Each graduate program has different requirements for the application packet. Most require at least official transcripts from each academic institution you attended, a personal statement or admissions essay, letters or recommendation, and entrance exam scores.
Grade point averages are strong indicators of your ability to manage graduate-level work. Ideally, you should have a B average or higher, but mediocre grades do not mean that you won’t be accepted into a program though. Application packets are reviewed as a whole. If your GPA does not meet the program’s requirements, you should focus on doing well on your entrance exam.
The personal statement/admissions essay
Personal statements serve as your introduction to the admissions committee. In one page, you will succinctly state why you are interested in the program, why you believe the school will serve your needs, and why you are an ideal candidate for admission into the program.
This is the most appropriate way to explain any low grades you may have. If you do so, do so briefly. Do not dwell on the reasons behind your grades, or make any excuses. The purpose of the statement/essay is to answer questions asked by the admissions committee. Be sure to answer each question; each question is asked for a reason.
Create a thesis for your essay if the school has not assigned you one. This will help keep you on track, and will help you design a logical flow Do not include information that does not support your thesis. Once you’ve written your essay, review it at least three times. Better yet, have someone you trust to review it for additional suggestions. Give yourself at least one day between each revision.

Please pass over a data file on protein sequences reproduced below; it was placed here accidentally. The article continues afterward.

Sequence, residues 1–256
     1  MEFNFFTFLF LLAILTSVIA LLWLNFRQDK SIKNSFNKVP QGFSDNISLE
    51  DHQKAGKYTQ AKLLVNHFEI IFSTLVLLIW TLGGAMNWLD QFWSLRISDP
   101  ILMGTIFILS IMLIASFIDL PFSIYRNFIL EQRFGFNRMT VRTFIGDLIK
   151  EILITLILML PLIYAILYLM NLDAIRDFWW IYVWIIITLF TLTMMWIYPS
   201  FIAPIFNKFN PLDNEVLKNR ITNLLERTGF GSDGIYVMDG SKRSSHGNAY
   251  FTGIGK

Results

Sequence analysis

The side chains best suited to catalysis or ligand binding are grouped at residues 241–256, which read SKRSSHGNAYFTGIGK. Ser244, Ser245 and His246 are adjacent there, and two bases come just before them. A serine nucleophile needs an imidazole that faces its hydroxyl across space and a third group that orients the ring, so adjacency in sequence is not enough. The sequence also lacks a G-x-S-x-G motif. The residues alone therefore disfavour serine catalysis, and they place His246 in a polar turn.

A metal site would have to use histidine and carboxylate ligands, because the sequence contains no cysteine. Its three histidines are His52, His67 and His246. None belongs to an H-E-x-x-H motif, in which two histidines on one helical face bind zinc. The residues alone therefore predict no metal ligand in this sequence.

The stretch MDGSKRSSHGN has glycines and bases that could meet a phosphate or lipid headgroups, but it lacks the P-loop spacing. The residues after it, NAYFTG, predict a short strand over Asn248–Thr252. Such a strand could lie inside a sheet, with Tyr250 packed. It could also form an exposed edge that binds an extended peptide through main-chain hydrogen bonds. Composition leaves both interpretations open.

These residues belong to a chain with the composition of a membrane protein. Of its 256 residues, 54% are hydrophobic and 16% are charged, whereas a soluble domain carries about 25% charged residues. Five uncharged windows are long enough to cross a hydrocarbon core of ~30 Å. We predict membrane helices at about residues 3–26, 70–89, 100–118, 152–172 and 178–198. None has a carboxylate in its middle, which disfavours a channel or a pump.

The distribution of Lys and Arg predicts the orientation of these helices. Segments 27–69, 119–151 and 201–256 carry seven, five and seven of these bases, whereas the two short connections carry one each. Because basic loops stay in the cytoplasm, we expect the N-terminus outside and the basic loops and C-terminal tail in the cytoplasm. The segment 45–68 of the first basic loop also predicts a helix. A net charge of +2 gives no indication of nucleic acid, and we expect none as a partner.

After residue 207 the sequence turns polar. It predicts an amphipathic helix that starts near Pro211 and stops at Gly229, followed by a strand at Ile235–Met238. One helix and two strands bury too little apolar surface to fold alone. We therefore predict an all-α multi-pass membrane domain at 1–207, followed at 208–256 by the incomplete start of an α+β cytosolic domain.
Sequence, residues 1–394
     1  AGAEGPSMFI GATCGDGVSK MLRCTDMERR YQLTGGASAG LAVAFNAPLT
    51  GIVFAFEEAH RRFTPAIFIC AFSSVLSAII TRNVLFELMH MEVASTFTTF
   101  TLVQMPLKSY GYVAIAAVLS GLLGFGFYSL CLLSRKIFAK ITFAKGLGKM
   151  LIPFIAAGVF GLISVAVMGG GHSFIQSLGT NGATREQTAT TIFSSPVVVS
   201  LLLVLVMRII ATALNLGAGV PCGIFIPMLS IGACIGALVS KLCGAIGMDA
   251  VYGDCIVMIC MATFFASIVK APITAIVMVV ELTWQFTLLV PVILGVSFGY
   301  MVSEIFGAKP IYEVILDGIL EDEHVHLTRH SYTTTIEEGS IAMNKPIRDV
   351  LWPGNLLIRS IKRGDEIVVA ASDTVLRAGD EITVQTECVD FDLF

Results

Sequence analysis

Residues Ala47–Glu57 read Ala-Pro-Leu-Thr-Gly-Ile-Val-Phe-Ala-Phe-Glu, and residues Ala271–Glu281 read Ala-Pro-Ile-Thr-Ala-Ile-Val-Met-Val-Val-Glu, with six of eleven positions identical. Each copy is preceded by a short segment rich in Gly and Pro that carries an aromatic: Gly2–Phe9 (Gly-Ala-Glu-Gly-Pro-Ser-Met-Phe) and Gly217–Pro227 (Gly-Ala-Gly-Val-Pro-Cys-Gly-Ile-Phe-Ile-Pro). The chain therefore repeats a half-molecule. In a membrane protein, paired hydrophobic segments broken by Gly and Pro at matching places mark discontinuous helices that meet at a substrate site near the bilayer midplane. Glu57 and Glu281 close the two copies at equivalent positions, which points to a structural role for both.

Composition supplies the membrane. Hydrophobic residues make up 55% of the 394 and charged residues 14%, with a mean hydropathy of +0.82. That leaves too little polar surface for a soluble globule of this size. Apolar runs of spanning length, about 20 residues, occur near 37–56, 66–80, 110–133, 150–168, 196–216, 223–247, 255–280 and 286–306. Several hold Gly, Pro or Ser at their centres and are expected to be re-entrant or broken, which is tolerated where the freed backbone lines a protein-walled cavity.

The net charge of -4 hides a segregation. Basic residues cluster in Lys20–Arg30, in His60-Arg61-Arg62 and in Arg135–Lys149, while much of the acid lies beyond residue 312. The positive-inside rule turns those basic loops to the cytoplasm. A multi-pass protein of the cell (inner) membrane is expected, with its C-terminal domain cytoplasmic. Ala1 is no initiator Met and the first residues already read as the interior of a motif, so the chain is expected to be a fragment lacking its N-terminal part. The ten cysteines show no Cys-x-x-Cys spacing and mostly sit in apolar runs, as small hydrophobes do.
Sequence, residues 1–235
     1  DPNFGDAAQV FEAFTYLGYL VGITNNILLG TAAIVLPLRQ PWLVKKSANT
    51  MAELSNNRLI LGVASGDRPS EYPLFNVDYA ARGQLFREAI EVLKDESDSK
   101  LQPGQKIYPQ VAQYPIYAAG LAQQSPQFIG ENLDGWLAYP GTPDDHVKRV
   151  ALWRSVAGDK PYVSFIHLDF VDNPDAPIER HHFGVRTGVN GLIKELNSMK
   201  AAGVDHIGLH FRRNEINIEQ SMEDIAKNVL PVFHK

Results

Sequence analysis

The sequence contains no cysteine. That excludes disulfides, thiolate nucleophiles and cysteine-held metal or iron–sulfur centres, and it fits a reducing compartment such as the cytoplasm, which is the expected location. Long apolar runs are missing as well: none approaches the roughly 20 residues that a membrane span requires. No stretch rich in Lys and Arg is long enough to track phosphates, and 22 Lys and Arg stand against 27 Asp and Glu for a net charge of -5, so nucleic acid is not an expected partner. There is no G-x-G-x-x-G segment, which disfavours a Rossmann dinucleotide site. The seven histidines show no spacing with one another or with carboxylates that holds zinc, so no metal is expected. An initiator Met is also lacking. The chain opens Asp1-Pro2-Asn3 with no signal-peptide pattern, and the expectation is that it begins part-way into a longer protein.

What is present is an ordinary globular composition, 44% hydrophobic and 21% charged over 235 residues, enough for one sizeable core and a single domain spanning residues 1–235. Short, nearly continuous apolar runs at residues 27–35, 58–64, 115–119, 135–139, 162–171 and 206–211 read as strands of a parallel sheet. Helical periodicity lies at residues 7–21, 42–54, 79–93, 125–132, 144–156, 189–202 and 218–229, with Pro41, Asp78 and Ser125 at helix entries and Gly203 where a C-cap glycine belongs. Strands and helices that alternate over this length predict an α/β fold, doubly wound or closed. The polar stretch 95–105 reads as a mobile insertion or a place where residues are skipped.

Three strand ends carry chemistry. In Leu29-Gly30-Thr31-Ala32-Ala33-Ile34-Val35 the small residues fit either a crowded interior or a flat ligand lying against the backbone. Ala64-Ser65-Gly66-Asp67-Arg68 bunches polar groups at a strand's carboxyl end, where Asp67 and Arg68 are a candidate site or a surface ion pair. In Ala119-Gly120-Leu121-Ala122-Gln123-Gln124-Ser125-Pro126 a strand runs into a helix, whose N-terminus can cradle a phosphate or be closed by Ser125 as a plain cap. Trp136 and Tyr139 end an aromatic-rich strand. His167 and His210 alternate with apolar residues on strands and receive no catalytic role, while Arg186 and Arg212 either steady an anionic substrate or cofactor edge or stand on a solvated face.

As for the format, there should be an introduction which leads with a statement that grabs the reader’s attention. The next three paragraphs should: 1) summarize your educational background;, 2) describe personal experiences that have prepared you for the graduate program; and 3) an explanation of why you should be accepted. In your conclusion, restate the key points contained in numbers 1-3 and end with an equally powerful statement that links to the lead statement of your introduction.
Donald Asher, in his book Graduate Admissions Essay, What Works, What Doesn’t, and Why, cautions applicants to avoid making the following errors noted by admissions committees:
- They just seem to be saying what they think we want to hear.
- Our application is a little different. We want original work. I hate it when I can tell that they’re recycling material they wrote for other schools.
- The essay sounds like they want to be the next Mother Teresa, but nothing in the application backs up the claims of altruism.
- An essay on deep personal problems or excuses for past performance. It should be upbeat, convincing, and persuasive.
- We ask for dates on activities. It’s a red flag if all activities are brand new.
- There is always at least one essay from someone who tells us how proud he would be to be admitted to _______ School, but it isn’t that school.
- Some students think they can use the essay to manufacture a person who doesn’t exist. It doesn’t work.